Years after popping open Pandora’s box of bad behavior, social media companies try to figure out subtle ways to reshape how people use their platforms.
Following Twitter’s lead, Facebook is trying a new feature to encourage users to read a link before sharing it. The test will reach 6% of Facebook’s Android users globally in a gradual rollout that encourages “informed sharing” of news stories on the platform.
Users can still easily click through to share a given story. Still, the idea is that by adding friction to the experience, people might rethink their original impulses to share the kind of inflammatory content that currently dominates on the platform.
Twitter introduced last June prompts urging users to read a link before retweeting it, and the company quickly found the test feature to be successful, expanding it to more users.
Facebook began trying out more prompts like this last year. Last June, the company rolled out pop-up messages to warn users before sharing any more than 90 days old content to cut down on misleading stories taken out of their original context.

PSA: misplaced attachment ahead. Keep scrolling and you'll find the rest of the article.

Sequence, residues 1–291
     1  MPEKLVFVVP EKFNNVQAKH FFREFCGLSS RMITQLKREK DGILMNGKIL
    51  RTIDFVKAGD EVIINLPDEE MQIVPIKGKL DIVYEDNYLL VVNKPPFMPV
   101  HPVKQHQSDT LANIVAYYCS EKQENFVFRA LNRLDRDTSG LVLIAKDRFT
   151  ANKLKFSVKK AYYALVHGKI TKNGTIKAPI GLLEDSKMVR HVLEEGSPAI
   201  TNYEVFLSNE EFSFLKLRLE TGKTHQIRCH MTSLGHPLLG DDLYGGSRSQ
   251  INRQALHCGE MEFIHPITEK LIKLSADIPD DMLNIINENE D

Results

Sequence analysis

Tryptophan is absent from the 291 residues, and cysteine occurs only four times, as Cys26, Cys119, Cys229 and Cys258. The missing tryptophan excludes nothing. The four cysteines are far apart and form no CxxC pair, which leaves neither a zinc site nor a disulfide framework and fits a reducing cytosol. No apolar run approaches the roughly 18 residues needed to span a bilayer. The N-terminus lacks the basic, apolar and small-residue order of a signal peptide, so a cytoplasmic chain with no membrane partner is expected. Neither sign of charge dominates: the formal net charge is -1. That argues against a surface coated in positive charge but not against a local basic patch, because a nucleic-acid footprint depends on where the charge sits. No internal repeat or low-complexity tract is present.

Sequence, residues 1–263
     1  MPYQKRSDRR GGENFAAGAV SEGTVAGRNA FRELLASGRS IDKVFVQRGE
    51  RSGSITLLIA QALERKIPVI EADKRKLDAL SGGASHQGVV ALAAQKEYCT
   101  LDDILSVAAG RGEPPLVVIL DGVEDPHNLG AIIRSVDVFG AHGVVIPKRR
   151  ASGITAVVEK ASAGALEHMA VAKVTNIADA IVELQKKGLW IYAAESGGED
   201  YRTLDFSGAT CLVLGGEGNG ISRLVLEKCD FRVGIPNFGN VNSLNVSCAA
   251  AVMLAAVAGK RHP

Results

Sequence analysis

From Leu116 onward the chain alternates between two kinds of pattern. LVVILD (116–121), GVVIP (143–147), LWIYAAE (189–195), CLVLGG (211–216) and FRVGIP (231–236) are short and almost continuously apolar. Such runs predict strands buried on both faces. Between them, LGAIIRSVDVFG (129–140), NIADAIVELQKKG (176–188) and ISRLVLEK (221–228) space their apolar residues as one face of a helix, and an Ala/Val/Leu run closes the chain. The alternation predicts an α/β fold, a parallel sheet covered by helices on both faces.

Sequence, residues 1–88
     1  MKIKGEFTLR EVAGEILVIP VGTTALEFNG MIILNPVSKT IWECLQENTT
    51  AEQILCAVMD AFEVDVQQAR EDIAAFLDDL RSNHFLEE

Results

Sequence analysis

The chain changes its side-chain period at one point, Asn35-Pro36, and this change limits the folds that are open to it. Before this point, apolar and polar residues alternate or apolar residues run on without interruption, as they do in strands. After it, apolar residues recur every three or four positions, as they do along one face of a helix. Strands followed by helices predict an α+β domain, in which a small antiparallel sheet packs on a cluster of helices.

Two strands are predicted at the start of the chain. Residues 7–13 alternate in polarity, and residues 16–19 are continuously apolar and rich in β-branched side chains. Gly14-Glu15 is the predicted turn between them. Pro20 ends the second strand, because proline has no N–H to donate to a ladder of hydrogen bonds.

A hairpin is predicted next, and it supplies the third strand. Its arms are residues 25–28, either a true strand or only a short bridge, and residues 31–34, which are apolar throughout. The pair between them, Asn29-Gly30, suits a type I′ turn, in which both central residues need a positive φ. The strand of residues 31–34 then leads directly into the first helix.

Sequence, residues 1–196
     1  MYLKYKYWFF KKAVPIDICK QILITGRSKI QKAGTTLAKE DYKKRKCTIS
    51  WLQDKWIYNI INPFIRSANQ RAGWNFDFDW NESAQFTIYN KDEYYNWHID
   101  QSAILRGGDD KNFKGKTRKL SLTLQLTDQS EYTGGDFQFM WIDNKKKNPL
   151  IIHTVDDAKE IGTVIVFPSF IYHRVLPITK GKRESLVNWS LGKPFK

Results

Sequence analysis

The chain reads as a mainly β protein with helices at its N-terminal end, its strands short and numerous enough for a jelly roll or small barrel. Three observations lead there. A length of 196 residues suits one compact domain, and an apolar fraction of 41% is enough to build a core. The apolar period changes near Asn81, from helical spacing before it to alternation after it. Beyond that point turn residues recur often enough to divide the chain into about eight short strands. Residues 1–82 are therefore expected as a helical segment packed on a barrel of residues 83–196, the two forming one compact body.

At the time, Facebook said it was looking at other pop-up prompts to cut down on some kinds of misinformation. A few months later, Facebook rolled out similar pop-up messages that noted the date and the source of any links they share related to COVID-19.
The strategy demonstrates Facebook’s preference for a passive process of nudging people away from misinformation and toward its own verified resources on hot-button issues like COVID-19 and the 2020 election.
While the jury is still out on how much of an impact this kind of gentle behavioral shaping can make on the misinformation epidemic, Twitter and Facebook have also explored prompts that discourage users from posting abusive comments.
Pop-up messages that give users a sense that their bad behavior is being observed might lead to more automated moderation on social platforms. While users would probably be far better served by social media companies scrapping their misinformation and abuse-ridden existing platforms and rebuilding them more thoughtfully from the ground up, small behavioral nudges will have to do.